The point is that there is no one place that is better than all the rest, because each operation is unique and specialises in different things. The easiest way to explain Alaska is in three basic seasonal options, in terms of species of fish and three different accommodation options, in terms of experience and price. With one or two exceptions one can mix and match for a combination of the options. Here is our brief summary:

Three Basic Seasons


1. Early Season
Late June/Early July

This is the time we recommend for those wishing to catch king salmon. If you do not mind catching them on spinning tackle (you will catch a lot more that way), then late June is when the fish are freshest but the water higher. If you are more focused on fly, it is better to go first or second week in July when the fish are more accessible in shallower water. There is also some good chum salmon fishing with lighter tackle.

2. Mid-Season
Mid-July/Mid-August

This is a great time for a first trip to Alaska, because there is maximum species mix and the best shot at good weather. It is possible to catch late king salmon, chum salmon, sockeye salmon, early silver salmon, rainbow trout, dolly varden, grayling and arctic char. We often recommend this time for fishermen who are not species focused and/or thinking of a family orientated trip.

3. Late Season
Mid-August/Mid-September

This is the time we have all seen featured on television when the sockeye salmon are red, the bear are at their most active and greedy, and the autumn colours their finest. It is also prime silver salmon time (often likened to our Atlantic salmon for their free-taking and athleticism) and for rainbows, which are at their fittest and fattest having gorged on salmon roe and flesh.

Three Types of Lodges

1. Float Trip

This is the wildest form of fishing and accommodation in Alaska. One is able to fish 24 hours a day. A float plane drops a fishing party at a point where a team of camp staff await. Each day one floats and fishes down the river, whilst some go ahead to prepare camp. One sees a vast amount of water and wildlife. This option is a great wilderness experience, but the downside is the lack of comfort particularly when the weather is inclement and also one only sees a single river system.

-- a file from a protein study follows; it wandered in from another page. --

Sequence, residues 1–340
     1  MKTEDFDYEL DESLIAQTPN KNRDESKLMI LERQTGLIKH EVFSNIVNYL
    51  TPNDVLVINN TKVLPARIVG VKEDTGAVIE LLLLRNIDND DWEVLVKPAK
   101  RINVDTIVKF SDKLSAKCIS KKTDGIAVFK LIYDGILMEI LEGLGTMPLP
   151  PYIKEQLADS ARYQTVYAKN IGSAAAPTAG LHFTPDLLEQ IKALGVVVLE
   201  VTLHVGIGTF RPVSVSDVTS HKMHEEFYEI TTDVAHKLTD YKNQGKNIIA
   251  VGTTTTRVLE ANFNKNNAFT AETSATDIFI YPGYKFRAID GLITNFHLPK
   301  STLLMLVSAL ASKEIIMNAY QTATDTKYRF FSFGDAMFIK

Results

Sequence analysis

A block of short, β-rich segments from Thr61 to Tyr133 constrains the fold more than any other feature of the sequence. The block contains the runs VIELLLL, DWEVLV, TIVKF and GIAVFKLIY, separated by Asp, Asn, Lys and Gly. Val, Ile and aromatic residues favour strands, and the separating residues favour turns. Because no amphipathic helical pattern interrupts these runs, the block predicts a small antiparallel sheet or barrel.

Best and most experienced float trip operators include Dave Duncan & Sons, Bus Bergman.

Price Guide for Land package (7 nights 6 full days of guided fishing food and accommodation) only US$3,000 – $3,500


2. Fixed Camp or Lodge

This option is well priced too and certainly more comfortable. One flies into a remote location and fishes the river on which the camp or lodge is situated using jet boats to access various beats. These camps are very good at pinpointing a run and therefore focusing on particular species. Some offer the option to buy fly-outs by the day. The downside is that one only sees one system or area, and one could possibly see people from a nearby lodge at one or two locations.

The best of the fixed camp/lodge options include Goodnews River Lodge, Togiak River Adventures, Branch River Lodge, Angler’s Alibi.

Price Guide for Land package only US$2,895 - $3,895.

3. Fly-out Lodge

This is the most expensive way to fish Alaska but, if one can spend the money, usually the most comfortable. One flies into the lodge at the beginning of the week and then makes daily fly-outs to different rivers to fish for various species. Many fly-out lodges also have wilderness camps for guests to enjoy a night of camping for some Alaskan adventure. The downsides might include the cost, the possibility of weather deterring flying and a structured daily fishing programme.

Amongst the finest fly-out lodges are Bristol Bay Lodge, Mission Lodge, Fishing Unlimited, Tikchik Lodge and NoSeeUm Lodge.

Price Guide for Land package only US$4,500 - $5,500

The Inevitable Exception

Rainbow Trout

These are amongst the world’s finest and strongest freshwater strain of fish, certainly the strongest trout we know of with fish over 10 lbs taken with some regularity. They are good all season long and can be fished for from most lodges, but the fishing is best from those that specialise. The rainbows are in their prime from August, when they have fed on salmon eggs and flesh, but by then the fishing is egg pattern nymphing for the most part. If you are interested in rainbows we recommend a specialist lodge, but if you have to do it all in one year we recommend a mixed species lodge with a half week at a specialist rainbow lodge.

The best rainbow lodges include Enchanted Lake Lodge, Iliaska Lodge and Kulik Lodge (all flyout lodges).

Price Guide for land package only US$2,150 (for _ week non-flyout) to $5,500

For more information contact Will Bond, Frontiers International Ltd, 18 Albemarle Street, London W1X 3HA or email will@frontierstrvl.com or look at the website www.frontierstrvl.com